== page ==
Emily, a 15-year-old ninth-grader, ran away from home in early November, and her parents were sitting at their dining table, frightened and inconsolable.
The parents, Maria and Benjamin, both school-bus drivers, had been searching for their daughter all along and pushing the police to investigate. They gingerly confessed their fears that Emily, a Latina, was being controlled by a pimp.
I went to Boston to try to understand the vast national problem of runaways, and I asked if they had checked Backpage.com, the leading website for prostitution and sex trafficking in America. They said they hadn’t heard of it. Since I’ve written about Backpage before and was familiar with how runaways often end up in its advertisements, I pulled out my laptop – and in two minutes we found an ad for a “mixed Latina catering to your needs” with photos of a seminude girl.
Maria staggered and shrieked. It was Emily.
A 2002 Justice Department study suggested that more than 1.6 million American juveniles run away or are kicked out of their homes each year. Ernie Allen, a former president of the National Center for Missing and Exploited Children, has estimated that at least 100,000 kids are sexually trafficked each year in the United States.
Perhaps they aren’t a priority because they’re seen as asking for it, not as victims. This was Emily’s fourth time running away, and she seemed to have voluntarily connected with a pimp.
So it’s true that no one was holding a gun to Emily’s head. Then again, she was 15, in a perilous business. And in this case, it turned out, having sex with half a dozen men a day and handing over every penny to an armed pimp.
A bit more searching on the Web, and we found that Emily had been advertised for sex in four states: Maine, New Hampshire, Massachusetts and Connecticut.
The ads said that Emily (the name used in the ads, which is not her real name) was “fetish-friendly,” and that was scary. Pimps use “fetish-friendly” as a dog whistle to attract deviants who will pay more for the right to be extra violent or abusive.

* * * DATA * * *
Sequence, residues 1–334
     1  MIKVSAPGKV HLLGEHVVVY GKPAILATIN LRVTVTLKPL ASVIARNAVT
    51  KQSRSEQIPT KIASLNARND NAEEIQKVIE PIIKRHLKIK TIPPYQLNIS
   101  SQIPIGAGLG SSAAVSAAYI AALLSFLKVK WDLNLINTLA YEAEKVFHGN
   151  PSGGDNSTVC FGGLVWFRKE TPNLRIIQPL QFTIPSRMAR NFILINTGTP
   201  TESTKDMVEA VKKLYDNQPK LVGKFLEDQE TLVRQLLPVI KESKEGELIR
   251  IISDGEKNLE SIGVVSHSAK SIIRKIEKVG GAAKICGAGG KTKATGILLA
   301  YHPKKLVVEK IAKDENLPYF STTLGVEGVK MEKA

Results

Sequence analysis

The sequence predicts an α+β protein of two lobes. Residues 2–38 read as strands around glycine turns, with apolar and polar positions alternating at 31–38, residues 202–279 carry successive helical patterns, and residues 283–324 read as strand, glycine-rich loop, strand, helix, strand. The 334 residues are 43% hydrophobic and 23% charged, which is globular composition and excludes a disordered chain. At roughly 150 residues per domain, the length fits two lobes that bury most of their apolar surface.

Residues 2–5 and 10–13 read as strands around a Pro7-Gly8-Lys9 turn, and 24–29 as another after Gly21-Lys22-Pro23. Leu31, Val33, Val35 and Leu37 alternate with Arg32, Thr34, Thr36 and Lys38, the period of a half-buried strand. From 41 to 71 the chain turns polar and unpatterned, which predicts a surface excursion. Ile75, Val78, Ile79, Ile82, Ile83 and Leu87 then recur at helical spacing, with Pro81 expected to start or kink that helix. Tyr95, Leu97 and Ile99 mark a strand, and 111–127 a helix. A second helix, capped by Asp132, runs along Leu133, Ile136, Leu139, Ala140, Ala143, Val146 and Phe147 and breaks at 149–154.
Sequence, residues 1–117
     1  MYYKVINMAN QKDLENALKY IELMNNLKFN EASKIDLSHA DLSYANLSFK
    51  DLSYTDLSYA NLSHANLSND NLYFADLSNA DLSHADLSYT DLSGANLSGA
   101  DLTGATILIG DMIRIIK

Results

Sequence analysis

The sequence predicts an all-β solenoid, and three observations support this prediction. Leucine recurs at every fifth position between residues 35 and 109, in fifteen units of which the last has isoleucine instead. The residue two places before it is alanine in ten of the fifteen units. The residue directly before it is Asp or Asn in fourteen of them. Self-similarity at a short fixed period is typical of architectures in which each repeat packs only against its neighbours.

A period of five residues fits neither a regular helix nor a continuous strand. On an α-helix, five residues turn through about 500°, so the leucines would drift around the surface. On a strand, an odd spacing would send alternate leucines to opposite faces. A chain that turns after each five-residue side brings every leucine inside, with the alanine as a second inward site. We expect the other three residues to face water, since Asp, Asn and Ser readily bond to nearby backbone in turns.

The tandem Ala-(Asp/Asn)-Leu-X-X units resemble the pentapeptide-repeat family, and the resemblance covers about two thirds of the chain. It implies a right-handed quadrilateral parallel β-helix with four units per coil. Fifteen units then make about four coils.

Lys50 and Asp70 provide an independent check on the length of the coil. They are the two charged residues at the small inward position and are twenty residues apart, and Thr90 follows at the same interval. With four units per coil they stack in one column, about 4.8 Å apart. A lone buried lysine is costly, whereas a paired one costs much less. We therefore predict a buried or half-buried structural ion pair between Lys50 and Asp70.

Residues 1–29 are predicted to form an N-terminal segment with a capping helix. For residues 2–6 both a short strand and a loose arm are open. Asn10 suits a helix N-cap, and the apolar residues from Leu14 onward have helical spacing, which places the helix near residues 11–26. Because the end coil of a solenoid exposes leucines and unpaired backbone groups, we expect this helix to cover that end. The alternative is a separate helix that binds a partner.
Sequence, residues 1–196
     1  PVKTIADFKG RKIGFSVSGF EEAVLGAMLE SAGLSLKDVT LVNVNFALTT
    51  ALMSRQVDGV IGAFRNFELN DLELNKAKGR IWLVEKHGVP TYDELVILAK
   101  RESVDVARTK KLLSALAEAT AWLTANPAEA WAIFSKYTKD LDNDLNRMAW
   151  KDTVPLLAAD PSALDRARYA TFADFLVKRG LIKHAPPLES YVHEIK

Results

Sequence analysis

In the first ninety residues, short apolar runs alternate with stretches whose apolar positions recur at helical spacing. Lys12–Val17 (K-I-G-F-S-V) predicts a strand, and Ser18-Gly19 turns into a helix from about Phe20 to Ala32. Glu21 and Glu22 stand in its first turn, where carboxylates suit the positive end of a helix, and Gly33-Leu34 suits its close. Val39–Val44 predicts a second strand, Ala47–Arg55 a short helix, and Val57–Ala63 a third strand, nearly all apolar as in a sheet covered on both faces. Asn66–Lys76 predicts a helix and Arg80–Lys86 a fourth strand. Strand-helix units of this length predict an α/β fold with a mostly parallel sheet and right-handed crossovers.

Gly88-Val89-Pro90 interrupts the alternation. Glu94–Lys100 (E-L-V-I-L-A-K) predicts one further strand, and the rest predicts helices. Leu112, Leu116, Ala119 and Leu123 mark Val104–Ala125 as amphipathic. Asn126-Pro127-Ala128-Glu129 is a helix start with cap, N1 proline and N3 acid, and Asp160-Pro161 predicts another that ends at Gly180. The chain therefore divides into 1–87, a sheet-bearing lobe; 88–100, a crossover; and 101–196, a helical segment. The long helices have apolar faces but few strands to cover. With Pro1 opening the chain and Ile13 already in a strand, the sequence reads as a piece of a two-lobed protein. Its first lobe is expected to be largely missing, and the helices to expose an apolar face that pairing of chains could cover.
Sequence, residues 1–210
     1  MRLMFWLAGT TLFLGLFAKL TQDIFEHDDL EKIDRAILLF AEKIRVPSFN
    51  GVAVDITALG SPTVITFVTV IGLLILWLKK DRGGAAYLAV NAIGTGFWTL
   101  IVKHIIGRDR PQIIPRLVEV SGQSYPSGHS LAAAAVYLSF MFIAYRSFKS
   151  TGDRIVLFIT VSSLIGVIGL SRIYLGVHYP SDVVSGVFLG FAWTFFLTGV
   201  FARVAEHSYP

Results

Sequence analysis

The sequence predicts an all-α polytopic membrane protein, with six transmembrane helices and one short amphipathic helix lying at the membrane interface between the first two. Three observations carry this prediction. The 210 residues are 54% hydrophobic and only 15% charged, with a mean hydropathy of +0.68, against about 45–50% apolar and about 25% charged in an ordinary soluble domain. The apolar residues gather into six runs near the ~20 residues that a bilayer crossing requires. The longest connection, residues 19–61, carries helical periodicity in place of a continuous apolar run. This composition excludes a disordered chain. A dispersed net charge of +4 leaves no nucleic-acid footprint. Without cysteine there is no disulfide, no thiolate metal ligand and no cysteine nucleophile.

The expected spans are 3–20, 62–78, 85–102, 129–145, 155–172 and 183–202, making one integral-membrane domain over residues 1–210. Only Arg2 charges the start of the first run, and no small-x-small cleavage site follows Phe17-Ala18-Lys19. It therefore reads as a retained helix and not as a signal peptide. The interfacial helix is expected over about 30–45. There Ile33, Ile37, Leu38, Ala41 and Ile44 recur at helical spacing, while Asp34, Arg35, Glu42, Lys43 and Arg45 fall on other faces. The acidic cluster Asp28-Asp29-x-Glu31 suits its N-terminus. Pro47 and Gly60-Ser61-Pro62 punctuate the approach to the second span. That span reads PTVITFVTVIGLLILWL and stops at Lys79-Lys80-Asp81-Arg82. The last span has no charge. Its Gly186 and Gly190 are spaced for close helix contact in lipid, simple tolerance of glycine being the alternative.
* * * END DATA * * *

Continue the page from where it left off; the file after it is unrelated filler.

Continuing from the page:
“We don’t care what she did,” said Benjamin, in a shattered tone. “We just want her back.”
The ads for Emily included a cellphone number to set up “dates,” and we passed the information to the authorities. The pimp’s phone number should have made it easy to find the girl, so we waited to see what would happen.
Maria was bitter that the police hadn’t done more. She had been pleading for months for help, hounding the police – and then found that her daughter was being advertised in four states on multiple prostitution websites, and no one seemed to have checked or noticed.
There were failings here beyond law enforcement. You wonder about the men paying to have sex with a girl who looks so young. About the hotel clerks. And about why we tolerate websites like Backpage.com that peddle teenage girls.
A few hours after I sent police the link, officers located Emily in New Hampshire. Police raided a hotel, rescuing her and arresting a 19-year-old, Andy Pena, who they said was her pimp and took all the money she made. Police said that Pena was armed.
Pena is in jail in New Hampshire; his public defender declined to comment.
Emily is ambivalent about her rescue. She’s in a group home, getting support from other survivors of human trafficking through a group called My Life My Choice. She’s still rebellious, but it’s a good sign that she hugged her mom. Maria wept.
Today Emily is safe, but there are hundreds of thousands of other runaways out on the streets. These are our kids, in danger. Shouldn’t they be a national priority?